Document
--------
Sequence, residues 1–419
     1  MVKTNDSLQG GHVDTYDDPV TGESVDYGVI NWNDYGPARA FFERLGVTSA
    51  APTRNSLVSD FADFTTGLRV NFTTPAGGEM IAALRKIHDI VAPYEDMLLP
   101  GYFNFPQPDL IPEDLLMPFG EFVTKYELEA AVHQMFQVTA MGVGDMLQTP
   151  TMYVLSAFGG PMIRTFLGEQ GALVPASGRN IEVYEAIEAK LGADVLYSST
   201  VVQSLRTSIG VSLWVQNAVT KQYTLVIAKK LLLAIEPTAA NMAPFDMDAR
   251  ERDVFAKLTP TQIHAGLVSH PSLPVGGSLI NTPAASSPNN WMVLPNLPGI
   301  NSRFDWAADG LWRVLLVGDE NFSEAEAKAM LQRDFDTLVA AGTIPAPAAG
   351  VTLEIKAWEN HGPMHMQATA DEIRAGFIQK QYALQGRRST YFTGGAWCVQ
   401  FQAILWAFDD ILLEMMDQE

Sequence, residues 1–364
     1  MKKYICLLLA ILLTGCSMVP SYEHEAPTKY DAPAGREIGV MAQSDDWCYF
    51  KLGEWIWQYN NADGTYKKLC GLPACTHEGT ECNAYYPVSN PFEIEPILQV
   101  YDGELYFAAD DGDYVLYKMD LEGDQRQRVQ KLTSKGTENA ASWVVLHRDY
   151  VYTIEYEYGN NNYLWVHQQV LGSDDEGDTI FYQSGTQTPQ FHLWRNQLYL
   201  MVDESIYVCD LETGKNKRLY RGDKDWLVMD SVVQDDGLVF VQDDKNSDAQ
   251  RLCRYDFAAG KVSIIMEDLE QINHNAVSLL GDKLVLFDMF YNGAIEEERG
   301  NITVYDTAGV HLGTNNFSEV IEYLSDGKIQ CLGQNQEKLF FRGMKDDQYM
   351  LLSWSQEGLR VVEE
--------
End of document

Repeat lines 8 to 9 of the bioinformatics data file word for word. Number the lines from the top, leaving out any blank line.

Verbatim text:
   301  NSRFDWAADG LWRVLLVGDE NFSEAEAKAM LQRDFDTLVA AGTIPAPAAG
   351  VTLEIKAWEN HGPMHMQATA DEIRAGFIQK QYALQGRRST YFTGGAWCVQ